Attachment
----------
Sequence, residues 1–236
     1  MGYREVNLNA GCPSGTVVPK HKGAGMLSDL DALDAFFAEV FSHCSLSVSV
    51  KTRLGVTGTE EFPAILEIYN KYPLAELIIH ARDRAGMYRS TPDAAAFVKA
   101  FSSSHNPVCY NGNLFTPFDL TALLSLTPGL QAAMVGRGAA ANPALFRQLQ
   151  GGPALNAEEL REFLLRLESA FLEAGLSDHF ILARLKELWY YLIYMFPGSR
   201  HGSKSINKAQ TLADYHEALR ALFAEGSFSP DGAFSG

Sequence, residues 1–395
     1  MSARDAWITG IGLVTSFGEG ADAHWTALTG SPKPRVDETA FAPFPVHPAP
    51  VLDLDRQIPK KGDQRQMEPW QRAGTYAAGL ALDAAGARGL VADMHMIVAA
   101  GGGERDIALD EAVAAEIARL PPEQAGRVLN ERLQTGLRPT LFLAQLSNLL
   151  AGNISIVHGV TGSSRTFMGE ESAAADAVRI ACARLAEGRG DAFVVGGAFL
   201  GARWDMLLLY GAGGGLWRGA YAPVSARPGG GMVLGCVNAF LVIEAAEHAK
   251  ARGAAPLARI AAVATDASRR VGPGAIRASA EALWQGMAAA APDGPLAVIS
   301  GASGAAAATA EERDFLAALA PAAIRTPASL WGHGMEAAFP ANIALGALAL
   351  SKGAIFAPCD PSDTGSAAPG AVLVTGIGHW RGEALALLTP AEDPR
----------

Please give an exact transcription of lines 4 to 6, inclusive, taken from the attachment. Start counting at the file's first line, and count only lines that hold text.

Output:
   101  FSSSHNPVCY NGNLFTPFDL TALLSLTPGL QAAMVGRGAA ANPALFRQLQ
   151  GGPALNAEEL REFLLRLESA FLEAGLSDHF ILARLKELWY YLIYMFPGSR
   201  HGSKSINKAQ TLADYHEALR ALFAEGSFSP DGAFSG